Begin with the basics: clean air. We know that educators often deal with unhealthy building conditions, such as mold or poor ventilation. Identify the top environmental concerns in your school and check resources to help determine the best course of action to address them.
Some school employees risk exposure to blood borne pathogens – for example, from a student with a cut finger or a student who needs an injection. Cut that risk with tips from the Red Book. ...
By Clement Coulston and Kaitlyn Smith
Clement Coulston and Kaitlyn Smith are members of the Special Olympics Project UNIFY National Youth Activation Committee. They were recently asked to co-author one of the 11 Practice Briefs, focusing on School Climate and Inclusion.
Often times when society thinks of “valuable contributors” to issues, discussions and insights, the first image that appears in their mind is one of a well-educated and experienced adult; very rarely is that intuition one of a young person. Youth are constantly told and often led to believe that they are “the leaders of tomorrow,” but what about today? Youth are the ones in the schools, collaborating with educators, and hold the power to make a change. ...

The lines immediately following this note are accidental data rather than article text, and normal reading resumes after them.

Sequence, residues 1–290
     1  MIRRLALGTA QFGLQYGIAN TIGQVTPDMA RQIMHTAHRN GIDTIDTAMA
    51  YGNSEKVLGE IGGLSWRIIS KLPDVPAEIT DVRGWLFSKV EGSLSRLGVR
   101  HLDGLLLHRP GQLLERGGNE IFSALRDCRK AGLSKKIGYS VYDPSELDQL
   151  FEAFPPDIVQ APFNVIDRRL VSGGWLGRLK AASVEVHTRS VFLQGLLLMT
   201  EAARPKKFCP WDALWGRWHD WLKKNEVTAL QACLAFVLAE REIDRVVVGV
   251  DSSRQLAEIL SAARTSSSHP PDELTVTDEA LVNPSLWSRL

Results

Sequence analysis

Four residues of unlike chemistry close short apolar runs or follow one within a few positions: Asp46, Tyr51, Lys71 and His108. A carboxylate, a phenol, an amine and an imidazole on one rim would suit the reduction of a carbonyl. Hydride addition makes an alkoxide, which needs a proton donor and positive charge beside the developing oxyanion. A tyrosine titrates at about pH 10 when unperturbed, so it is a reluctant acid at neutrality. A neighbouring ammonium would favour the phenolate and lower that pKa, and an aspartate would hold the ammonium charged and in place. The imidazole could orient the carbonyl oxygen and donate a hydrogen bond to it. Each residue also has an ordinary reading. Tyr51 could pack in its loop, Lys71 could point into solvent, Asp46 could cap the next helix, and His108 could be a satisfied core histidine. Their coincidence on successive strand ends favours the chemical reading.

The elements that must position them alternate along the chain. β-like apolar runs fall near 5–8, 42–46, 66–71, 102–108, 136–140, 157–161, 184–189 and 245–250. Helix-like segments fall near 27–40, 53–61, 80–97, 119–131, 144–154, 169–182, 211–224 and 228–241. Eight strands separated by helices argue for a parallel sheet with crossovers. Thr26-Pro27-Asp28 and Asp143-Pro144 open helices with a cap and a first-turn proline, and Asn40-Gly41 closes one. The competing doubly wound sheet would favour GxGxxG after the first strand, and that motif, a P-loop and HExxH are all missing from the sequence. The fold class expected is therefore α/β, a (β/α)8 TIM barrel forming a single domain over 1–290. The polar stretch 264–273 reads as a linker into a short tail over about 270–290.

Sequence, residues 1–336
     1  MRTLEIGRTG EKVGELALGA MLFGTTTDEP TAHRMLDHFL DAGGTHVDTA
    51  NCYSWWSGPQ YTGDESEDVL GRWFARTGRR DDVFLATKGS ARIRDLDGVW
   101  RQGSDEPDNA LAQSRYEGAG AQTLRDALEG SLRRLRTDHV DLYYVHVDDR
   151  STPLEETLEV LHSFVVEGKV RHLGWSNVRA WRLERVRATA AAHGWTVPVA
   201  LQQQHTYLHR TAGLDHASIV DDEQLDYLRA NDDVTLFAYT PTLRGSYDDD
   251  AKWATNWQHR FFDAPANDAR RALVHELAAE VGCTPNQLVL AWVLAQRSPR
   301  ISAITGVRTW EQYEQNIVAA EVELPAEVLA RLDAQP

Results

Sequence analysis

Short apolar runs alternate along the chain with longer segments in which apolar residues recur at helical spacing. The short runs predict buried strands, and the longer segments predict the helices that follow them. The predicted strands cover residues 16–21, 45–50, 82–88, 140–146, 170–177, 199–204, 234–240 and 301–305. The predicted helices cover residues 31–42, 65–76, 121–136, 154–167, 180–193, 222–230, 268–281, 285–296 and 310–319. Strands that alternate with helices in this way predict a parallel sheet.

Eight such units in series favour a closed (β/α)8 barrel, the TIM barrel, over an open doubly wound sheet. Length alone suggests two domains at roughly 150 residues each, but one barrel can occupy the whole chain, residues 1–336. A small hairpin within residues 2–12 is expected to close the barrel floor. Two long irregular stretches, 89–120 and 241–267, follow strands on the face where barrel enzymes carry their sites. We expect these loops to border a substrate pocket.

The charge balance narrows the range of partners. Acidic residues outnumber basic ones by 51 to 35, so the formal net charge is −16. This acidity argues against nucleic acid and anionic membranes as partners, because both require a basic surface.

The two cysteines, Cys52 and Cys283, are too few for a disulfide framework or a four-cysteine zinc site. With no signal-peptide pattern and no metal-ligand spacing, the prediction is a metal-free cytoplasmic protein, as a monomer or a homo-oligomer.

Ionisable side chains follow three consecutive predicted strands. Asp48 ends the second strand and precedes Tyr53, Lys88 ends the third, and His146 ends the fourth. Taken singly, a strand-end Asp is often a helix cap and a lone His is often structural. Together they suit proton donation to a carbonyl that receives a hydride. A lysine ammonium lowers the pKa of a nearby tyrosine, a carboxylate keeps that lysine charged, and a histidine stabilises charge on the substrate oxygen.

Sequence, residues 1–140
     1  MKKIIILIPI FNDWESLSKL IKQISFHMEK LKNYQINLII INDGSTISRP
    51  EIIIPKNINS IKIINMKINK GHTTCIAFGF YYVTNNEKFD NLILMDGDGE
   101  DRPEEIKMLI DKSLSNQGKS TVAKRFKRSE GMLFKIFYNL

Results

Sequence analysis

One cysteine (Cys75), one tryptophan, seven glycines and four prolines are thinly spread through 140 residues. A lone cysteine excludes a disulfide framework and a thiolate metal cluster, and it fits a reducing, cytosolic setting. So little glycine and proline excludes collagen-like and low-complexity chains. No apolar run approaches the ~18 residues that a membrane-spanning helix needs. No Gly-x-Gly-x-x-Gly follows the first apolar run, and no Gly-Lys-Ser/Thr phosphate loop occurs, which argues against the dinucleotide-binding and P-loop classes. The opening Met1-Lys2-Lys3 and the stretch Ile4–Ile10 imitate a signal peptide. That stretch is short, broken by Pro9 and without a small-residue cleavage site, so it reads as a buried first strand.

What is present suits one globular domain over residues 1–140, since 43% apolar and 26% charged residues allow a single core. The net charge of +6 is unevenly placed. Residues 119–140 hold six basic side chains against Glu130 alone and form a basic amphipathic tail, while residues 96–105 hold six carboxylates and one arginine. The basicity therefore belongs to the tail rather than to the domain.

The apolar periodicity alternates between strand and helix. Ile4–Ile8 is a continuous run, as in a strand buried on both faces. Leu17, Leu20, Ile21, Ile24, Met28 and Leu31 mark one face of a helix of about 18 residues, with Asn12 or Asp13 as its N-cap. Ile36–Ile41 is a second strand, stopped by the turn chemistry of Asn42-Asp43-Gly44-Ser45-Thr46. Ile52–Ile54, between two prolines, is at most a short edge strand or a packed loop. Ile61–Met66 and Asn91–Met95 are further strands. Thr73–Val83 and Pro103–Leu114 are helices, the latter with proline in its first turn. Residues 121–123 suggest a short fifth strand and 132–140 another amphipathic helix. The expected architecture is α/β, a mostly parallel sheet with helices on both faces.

By Thomas J. Gentzel, Executive Director, National School Boards Association (NSBA)
No human enterprise is perfect, and we all are capable of improving. That’s especially true when an institution faces continuing challenges and new demands. Such is the case with public education, which has undergone many transformations since it was established -- from its early agrarian roots, through the Industrial Revolution, two world wars, the cold war, and the Technology Revolution.
We often forget that during most of our nation’s history, public schools were expected to provide basic instruction to all students while preparing some to move on to higher education and the professions. This system of sorting worked well when family-supporting jobs in factories and mills were plentiful. Today, lower skill jobs are hard to find, let alone capable of sustaining a middle class existence.